Land is more than a living for the rancher or private lumberman. It is survival itself, as it was for the red man whose relationship to the earth is held up as a model by some environmentalists and all Deep Ecologists. Human beings, in order to know the land they live on, must experience it through the kind of intimate contact that only hard labor makes possible. However much the Westerner may, wittingly or unwittingly, abuse it, his relationship to the natural world is the opposite of frivolous. For the New Westerner, by contrast, land is no more than a real estate commodity, a playground, or a fantasy. He is not looking for a region, he wants a Disneyland West or a Malibu-in-the-Rockies, where he makes an ass of himself by wearing silly clothes and riding a mountain bike instead of a good quarter-horse. He fences his property closely against his neighbors, oblivious to the fact that he is blocking access to publicly owned lands, and throws his weight behind the “Cattle Free in ’93” people, since cowpies are an offense to him when he goes hiking or jogging. He is opposed to hunting and protests the shooting of bison outside the Yellowstone, because his wife is a life member (if there is such a thing) of the Fund for Animals and his daughters have been raised on Bambi stories and wildlife episodes on the Discovery Channel. Because of the remote and essentially abstract nature of his work, often handled by telecommunication with corporate offices in New York or Los Angeles, he has nothing in common with and no tie to the community in which he finds himself, and restricted contact with its members. He is against not only “development” or “progress” but every honest activity that for Westerners has always meant well-being and bedrock security. Rather than eat at the local steak house, he makes an hour’s drive to a nearby city or ski resort or country club to wine and dine with his own kind in an expensive restaurant; bored and lonely among the blue-collar rubes, he works hard to encourage more of the Beautiful People from home to buy up land around him, driving property values and taxes to the point where, as in Jackson, Wyoming, and Vail, Colorado, the locals can no longer afford to live in their own town. Often after a couple of years or so, fed up with the isolation and depressed by the long hard winters, he packs it in and moves to some choice and still miraculously unspoiled place back in California. But not often enough.

Equally with Time, The Last Refuge has nothing to tell the seasoned Westerner who is a careful reader of his state and local newspaper and has stayed abreast of such topics as Crown Butte, the reintroduction of wolves to the Yellowstone, clear-cutting in the Targhee National Forest, overcrowding in the West’s national parks, the competition for water rights between agriculturalists and municipalities, the gentrification of honest Western towns, and the bullying of ranchers by industrial corporations. But Robbins is comprehensive, and his suggestion that preserving the Greater Yellowstone (comprising 18 million acres or 28 thousand square miles) as the largest fundamentally intact ecosystem in the world might result in compromise that could fuse the traditions of the Old West with the innovations of the New is an interesting idea supportive of hope. Between People for the American West!, the “wise use” movement, the Center for the Defense of Economic Freedom, and the Wyoming Heritage Foundation—avatars all of the old rapaciousness and greed—and graduates of the Greener Pastures Institute, there is little or nothing to choose from, making any halfway plausible third way worthy of a second look. Robbins’ thinking owes much to the Greater Yellowstone Coalition, based in Bozeman, Montana, and directed by Louisa Willcox, a famous lady in these parts. Unlike many environmentalists, the GYC, Robbins says, does not propose to ban logging, ranching, and mining on public lands but rather “to convince loggers and miners and real estate developers and those involved with tourism to operate on a scientific, sustainable basis that will allow them to continue generation after generation. It has to happen in a way that stops the destruction and squandering not only of the New West economy, but of the Old West economy as well.”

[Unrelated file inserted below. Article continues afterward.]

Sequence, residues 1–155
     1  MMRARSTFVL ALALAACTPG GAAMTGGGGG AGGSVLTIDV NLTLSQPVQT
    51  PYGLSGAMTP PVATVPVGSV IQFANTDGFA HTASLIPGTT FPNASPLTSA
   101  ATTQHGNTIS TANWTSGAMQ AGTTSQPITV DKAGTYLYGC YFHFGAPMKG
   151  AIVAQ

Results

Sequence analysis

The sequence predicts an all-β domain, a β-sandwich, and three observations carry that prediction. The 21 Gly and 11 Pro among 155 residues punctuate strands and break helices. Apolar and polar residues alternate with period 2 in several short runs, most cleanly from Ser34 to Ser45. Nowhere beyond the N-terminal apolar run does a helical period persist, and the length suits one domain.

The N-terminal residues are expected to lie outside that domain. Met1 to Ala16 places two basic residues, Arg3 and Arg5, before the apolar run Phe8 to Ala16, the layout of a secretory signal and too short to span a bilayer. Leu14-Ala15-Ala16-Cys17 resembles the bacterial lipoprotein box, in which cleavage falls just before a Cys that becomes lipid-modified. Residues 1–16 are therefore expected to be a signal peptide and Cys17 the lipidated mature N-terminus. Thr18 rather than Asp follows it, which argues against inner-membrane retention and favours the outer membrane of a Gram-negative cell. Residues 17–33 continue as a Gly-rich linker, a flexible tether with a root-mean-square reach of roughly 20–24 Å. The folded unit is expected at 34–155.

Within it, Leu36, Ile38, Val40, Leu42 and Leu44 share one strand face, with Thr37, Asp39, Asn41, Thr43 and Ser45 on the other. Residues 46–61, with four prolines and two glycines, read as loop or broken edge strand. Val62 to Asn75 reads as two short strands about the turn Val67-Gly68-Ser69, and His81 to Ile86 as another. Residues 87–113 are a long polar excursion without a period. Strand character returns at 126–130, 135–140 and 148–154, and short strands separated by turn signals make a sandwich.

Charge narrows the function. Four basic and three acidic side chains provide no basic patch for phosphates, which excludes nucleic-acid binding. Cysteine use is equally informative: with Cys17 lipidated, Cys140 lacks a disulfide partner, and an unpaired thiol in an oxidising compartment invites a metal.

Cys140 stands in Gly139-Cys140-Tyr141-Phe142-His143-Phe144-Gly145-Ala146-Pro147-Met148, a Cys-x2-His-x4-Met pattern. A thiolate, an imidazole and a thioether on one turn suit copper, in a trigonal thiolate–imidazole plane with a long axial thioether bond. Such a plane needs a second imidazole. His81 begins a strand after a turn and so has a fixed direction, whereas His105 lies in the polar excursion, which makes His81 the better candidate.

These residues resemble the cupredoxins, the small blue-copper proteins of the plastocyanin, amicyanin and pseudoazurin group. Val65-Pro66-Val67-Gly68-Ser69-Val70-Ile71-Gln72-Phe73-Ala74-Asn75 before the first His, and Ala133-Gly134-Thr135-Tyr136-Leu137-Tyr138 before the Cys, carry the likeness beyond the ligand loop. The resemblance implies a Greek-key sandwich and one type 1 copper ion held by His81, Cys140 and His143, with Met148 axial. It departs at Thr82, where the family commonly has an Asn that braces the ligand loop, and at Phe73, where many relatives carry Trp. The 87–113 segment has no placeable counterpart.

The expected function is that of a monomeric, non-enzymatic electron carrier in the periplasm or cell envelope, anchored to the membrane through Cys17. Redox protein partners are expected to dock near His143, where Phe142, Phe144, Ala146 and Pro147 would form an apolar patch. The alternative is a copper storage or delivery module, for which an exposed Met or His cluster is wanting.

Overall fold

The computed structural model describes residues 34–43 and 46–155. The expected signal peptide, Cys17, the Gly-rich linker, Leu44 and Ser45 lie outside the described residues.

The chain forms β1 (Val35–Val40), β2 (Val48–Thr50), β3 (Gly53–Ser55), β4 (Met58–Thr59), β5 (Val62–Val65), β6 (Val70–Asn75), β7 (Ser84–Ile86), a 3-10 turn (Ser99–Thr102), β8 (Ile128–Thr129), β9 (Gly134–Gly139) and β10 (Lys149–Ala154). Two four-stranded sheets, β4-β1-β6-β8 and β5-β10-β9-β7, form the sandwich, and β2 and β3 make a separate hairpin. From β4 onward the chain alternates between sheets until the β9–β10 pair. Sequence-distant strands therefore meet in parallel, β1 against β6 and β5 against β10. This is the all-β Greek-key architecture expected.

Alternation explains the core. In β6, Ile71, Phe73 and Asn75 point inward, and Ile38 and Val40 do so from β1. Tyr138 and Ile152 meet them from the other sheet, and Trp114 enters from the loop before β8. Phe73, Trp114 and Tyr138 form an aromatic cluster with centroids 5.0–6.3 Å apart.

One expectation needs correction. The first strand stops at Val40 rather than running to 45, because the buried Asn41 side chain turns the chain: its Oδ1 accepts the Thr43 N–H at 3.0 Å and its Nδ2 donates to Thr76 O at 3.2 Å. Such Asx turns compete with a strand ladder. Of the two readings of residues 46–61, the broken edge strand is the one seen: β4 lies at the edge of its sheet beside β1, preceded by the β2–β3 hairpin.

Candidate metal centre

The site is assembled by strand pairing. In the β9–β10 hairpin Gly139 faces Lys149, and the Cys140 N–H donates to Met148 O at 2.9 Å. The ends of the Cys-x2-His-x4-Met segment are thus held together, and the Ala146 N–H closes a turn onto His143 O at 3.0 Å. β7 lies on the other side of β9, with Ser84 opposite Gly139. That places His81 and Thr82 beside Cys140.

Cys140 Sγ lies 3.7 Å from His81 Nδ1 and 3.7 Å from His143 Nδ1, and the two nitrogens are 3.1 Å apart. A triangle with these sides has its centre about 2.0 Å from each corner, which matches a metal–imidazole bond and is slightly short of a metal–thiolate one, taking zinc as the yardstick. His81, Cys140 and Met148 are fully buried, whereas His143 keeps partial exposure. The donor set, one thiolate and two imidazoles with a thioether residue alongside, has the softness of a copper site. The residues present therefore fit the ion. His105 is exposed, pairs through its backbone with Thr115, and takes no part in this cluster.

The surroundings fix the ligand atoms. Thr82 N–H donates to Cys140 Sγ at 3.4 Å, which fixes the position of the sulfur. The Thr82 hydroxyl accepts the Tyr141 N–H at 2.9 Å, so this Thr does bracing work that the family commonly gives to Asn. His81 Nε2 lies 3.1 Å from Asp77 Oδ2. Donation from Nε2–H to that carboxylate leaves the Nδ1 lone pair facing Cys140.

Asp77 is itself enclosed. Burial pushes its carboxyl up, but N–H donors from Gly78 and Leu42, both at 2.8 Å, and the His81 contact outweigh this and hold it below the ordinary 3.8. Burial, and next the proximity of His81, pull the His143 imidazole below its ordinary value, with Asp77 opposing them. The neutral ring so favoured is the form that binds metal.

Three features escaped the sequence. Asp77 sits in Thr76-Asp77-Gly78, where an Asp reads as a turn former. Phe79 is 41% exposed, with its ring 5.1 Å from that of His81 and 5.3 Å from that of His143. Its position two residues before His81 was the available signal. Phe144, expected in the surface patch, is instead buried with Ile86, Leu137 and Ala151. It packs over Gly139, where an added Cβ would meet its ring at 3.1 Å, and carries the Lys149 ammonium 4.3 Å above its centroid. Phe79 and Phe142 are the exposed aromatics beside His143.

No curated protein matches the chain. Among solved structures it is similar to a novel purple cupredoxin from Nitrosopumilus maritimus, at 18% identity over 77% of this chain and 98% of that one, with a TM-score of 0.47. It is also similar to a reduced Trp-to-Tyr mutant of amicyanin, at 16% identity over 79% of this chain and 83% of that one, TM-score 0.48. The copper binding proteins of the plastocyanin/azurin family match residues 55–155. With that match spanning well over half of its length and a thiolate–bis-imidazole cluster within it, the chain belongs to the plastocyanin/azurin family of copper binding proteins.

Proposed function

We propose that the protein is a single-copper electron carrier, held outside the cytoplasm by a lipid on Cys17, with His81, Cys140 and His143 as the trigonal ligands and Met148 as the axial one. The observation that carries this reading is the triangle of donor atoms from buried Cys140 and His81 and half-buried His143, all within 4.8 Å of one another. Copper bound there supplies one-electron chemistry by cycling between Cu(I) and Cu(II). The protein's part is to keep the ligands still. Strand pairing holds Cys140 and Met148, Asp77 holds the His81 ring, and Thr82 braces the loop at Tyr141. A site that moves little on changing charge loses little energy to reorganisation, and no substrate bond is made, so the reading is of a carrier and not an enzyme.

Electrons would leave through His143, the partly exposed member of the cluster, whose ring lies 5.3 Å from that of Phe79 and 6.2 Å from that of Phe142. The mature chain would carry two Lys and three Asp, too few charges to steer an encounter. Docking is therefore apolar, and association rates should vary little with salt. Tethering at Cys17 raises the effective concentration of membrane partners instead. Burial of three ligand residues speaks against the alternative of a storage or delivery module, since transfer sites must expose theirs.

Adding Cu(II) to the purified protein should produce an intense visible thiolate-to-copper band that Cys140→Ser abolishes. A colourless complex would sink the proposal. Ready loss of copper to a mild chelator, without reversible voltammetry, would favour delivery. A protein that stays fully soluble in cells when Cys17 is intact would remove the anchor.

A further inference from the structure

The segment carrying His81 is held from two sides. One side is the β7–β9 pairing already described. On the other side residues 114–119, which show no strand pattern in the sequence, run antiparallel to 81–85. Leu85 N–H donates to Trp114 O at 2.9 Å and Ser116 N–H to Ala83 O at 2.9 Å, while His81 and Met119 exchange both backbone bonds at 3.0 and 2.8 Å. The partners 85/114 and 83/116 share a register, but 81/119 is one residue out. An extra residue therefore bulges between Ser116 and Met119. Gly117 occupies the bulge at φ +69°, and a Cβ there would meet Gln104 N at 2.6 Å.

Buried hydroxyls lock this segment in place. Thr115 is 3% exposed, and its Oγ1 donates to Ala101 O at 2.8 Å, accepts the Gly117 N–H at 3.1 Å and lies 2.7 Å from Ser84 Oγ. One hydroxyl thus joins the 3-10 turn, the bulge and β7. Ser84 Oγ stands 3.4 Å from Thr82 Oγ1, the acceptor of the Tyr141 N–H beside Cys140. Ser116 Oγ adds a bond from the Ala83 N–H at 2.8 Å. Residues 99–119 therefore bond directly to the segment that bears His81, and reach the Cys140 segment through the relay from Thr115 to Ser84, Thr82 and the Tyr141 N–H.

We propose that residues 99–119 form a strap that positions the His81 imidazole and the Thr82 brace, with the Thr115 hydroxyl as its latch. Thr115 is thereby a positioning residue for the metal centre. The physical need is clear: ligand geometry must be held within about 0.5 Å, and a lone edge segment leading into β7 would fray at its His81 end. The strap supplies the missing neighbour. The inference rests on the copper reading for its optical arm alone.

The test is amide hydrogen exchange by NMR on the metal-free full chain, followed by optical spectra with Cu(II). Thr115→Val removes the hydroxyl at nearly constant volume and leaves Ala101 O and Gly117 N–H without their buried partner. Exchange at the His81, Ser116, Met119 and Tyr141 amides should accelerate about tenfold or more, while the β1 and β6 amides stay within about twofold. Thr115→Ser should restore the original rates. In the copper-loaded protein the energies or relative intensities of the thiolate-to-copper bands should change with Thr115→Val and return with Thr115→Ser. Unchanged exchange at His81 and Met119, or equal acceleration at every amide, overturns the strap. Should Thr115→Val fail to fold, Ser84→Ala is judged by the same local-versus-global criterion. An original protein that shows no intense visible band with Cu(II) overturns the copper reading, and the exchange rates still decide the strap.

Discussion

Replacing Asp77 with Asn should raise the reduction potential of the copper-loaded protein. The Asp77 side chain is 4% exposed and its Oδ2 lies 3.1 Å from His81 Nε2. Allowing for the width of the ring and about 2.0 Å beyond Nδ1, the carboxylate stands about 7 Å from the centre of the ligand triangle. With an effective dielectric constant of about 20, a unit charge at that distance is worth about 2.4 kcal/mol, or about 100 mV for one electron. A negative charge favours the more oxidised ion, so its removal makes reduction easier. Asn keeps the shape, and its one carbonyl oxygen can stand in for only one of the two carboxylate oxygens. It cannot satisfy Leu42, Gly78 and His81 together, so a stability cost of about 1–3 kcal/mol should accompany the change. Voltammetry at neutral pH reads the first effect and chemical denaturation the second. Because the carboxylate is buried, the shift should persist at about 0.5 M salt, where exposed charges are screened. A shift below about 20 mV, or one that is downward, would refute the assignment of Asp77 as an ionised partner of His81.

Proposals being debated by the United States Congress to multiply the grazing fees charged to ranchers running cattle on federally owned lands and to overhaul laws pertaining to water rights and usage arc rightly seen here as no more than thinly veiled schemes to turn the Rocky Mountain states into a theme park and playground for the rest of the country, while stealing their scarce lifeblood for sale to Cities of the Plain in California, Nevada, and Arizona. The contemporary American psyche resists reality in every form. Small wonder that it has targeted for destruction all that remains of the Old America, where men and women and children for generations have been accustomed to living not in the state of nature but in that naturally human state blessed by nature as well as by nature’s God. After all these years, the American infatuation with the frontier turns out to be mere self-delusion. America’s idyll is not the frontier, and it certainly is not wilderness. It is a suburban house on a subdivided tract with a picture window and a John Wayne movie on the VCR, an artificially preserved “wilderness” with a bureaucratic fence around it and no guns or horses allowed.


[The Last Refuge: The Environmental Showdown in Yellowstone and the American West, by Jim Robbins (New York: William Morrow) 272 pp., $23.00]